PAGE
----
Sunday, 1 March 2015

Grande Armee: Painting the infantry of Archduke Charles Austrian Hauptarmee of 1809 in 6mm

Archduke Charles of Austria has gone down in history as one of the only men who ever defeated Napoleon on the field of battle whilst in sole command of his army (as opposed to coalition armies such as that at Leipzig in 1813) at Aspern-Essling in the Danube campaign of 1809.

Having a learnt contempt of Austrian battlefield abilities stemming from numerous Austrian defeats over the last decade Napoleon was also contemptuous of the abilities of the Austrian Emperors brother Charles.

Charles was a manic depressive, criticised roundly by his contemporary Von Clausewitz for being cautious BUT was an organisational genius who rebuilt the Austrian army and its military doctrines from the ground up after the humiliating defeats of 1805. A sharp eye for battlefield situations, intuitive in his dispositions and aggressive when he went over to the attack, Napoleon badly underestimated Charles ability to match him pound for pound on the field.
Charles gave a lot of ground to draw the French army into an advantageous position for the Austrians to attack it, including the surrender of Vienna.

Despite taking Vienna however Napoleon knew that the main Austrian army was still undamaged and in the field under Charles, and as the Austrian forces in both Italy and Poland were doing quite well for themselves Napoleon resolved to chase down Charles and destroy him in a main force engagement.

Charles watched as Napoleon started to cross the Danube at the island of Lobau between the small villages of Aspern and Essling.

Then he pounced...

After a 2 day battle Napoleon had to admit defeat and withdrew.

The two armies sat quiescent for 6 weeks before the apocalyptic showdown of Wagram, where Napoleon narrowly defeated Charles and once again brought the Austrian Empire to its knees.

This is infantry regiment 17 'Prinz Reuss zu Plauen' in 6mm and how I painted them:

Before anything else is done a good undercoat of matt black needs to be applied to the miniatures. This undercoat also acts as the deep shadows for all parts of the miniature that don't receive any other paint.

The majority of infantry uniforms for the Austrian army in the Napoleonic wars was white and as such a basecoat of blue-grey is applied to provide the shadow areas of the bulk painted parts of the miniature.

Once all of the basecoated areas are finished the highlighted areas need to be painted. The white, being the predominant uniform colour of the era, is painted along all straps and bandoliers where possible and on the jackets waistcoats and trousers in blocks of colour to indicate shadows and contours.

At this scale miniature painting is all about accuracy and contrasts with the greater the accuracy and the higher the contrast the better painted the miniatures will appear to be.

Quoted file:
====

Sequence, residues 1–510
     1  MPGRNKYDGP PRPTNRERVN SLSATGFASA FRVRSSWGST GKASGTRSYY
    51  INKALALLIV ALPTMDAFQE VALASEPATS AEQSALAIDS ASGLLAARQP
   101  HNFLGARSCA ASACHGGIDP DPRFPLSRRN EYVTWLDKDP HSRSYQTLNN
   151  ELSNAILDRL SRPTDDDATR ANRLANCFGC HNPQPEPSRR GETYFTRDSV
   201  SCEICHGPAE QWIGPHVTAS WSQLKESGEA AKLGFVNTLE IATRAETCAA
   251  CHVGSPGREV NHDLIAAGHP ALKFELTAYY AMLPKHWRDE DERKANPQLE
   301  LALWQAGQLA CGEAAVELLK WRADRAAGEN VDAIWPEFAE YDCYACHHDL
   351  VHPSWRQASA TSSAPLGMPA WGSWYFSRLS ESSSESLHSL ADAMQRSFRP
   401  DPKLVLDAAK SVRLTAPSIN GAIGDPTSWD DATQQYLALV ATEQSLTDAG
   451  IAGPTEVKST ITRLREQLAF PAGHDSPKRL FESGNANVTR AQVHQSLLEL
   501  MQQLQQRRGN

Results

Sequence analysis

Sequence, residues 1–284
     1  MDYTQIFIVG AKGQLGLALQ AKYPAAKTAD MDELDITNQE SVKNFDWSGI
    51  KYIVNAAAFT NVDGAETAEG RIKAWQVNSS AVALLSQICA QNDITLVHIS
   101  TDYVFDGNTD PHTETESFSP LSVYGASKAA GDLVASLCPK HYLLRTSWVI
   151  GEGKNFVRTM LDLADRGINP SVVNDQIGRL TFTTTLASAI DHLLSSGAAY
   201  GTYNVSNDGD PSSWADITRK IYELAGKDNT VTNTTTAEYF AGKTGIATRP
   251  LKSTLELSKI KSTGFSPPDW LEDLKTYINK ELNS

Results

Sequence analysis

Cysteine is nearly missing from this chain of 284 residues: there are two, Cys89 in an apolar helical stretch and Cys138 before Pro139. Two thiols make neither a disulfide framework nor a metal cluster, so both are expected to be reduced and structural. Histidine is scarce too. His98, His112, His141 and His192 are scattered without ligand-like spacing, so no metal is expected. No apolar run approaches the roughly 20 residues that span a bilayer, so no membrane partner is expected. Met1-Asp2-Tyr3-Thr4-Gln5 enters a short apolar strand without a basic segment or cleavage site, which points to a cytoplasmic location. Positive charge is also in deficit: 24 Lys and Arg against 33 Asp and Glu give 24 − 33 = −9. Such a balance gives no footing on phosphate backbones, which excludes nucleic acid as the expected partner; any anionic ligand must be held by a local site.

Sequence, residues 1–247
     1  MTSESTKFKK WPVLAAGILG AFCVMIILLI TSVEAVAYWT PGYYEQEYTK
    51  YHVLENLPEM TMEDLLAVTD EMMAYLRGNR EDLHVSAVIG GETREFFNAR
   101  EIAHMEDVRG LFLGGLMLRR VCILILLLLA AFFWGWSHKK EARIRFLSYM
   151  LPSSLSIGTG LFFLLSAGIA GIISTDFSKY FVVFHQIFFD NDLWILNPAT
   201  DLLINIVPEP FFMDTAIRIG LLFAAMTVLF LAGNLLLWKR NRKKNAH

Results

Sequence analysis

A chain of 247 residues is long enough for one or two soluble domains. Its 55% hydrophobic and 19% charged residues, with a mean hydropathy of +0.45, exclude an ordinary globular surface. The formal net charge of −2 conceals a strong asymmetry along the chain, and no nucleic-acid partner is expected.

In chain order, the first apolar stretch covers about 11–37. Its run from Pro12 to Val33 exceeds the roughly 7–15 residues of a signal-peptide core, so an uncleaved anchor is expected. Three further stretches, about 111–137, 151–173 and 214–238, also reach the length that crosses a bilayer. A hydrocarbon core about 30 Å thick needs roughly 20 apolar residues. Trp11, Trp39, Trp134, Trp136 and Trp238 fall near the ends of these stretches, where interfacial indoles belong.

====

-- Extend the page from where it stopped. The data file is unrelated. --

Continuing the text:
With well detailed miniatures such as Adlers 6mm figures it is relatively easy to provide the illusion of accuracy. The packs and muskets are painted in single block colours of Flat Earth whilst the bed rolls had a dark grey basecoat with light grey highlights accentuated with thin white straps (look closely.... they are there!)

Each infantry regiment in a Napoleonic army, whatever the nation, would have collars, cuffs and turnbacks of different colours. These were known as a Regiments 'Facings'. IR17 'Prinz Reuss zu Plauen' had facings of light brown.

With the facings on a  regiment completed the majority of work that remains is the heads and a bit of time needs to be taken on the faces as these are, as with all miniatures, still the focal point of the human eye.

Mimicking real human skin colour isn't all that effective at this scale however and as such I go for a much redder basecoat using Vallejos Beige Red.

This is then highlighted in small blocks with Vallejos Pale Skin.

The finishing touches are applied with simple red paint on the lips!

The final painting touch is provided by using Games Workshops Burnished Gold paint to illustrate the bronze helmet plates that all German Helmets were fixed with and a narrow yellow band around the helmets comb.

... and thats it! Another regiment finished painting.

Next; the Battalions flag! Each one of these is approximately 6mm by 20mm in total and are sourced from Napflags ( which is an online free resource hosting almost every single flag from every nation of the Napoleonic wars.

These flags need to be fixed to the miniatures in such a way that they provide extra support for the banner poles, which at this scale can be somewhat fragile to knocks, are tough enough that they will last 'the duration' and fixed in such a way so that they display a frozen representation of a flapping flag.

Heres how I do it:

First of al paint the flag with PVA glue using a nice fat brush!

Choose a large (really large!) needle, and pick it off of the mat by sliding the needle under the central underside of the flag. Use a pair of tweezers with a tweezer arm on each side of the needle on the top side of the flag and push down...

... until both sides meet and match up perfectly. Then, with the flag still attached to the needle, use the  tweezers to twist and turn the flag into an approximation of flapping...

... then pull the flag off of the needle taking care to leave the tunnel created by the withdraw from the needle in place, and through which you then slide the banner pole. Once on the banner pole you pinch together the excess flag and with a touch of super glue, affix it to the head, or hands of the figure.

Thats it! Done! and looking great!

In the final analysis this is what a base of 6mm figures should look like, complete with casualties, officers and a whole lots of screaming psychos!

Now, about those bases (more on that later!)

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